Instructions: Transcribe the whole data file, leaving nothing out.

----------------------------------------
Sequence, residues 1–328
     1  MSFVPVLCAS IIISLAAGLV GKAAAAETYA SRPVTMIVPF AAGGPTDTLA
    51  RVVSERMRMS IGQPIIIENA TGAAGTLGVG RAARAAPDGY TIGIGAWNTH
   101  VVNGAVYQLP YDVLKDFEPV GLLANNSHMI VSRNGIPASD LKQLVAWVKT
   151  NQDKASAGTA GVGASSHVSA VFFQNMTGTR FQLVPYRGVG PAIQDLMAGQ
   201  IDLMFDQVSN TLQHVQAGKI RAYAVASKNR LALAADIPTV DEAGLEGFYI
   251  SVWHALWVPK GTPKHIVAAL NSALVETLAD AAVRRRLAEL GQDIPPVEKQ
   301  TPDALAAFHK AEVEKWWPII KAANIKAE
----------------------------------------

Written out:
Sequence, residues 1–328
     1  MSFVPVLCAS IIISLAAGLV GKAAAAETYA SRPVTMIVPF AAGGPTDTLA
    51  RVVSERMRMS IGQPIIIENA TGAAGTLGVG RAARAAPDGY TIGIGAWNTH
   101  VVNGAVYQLP YDVLKDFEPV GLLANNSHMI VSRNGIPASD LKQLVAWVKT
   151  NQDKASAGTA GVGASSHVSA VFFQNMTGTR FQLVPYRGVG PAIQDLMAGQ
   201  IDLMFDQVSN TLQHVQAGKI RAYAVASKNR LALAADIPTV DEAGLEGFYI
   251  SVWHALWVPK GTPKHIVAAL NSALVETLAD AAVRRRLAEL GQDIPPVEKQ
   301  TPDALAAFHK AEVEKWWPII KAANIKAE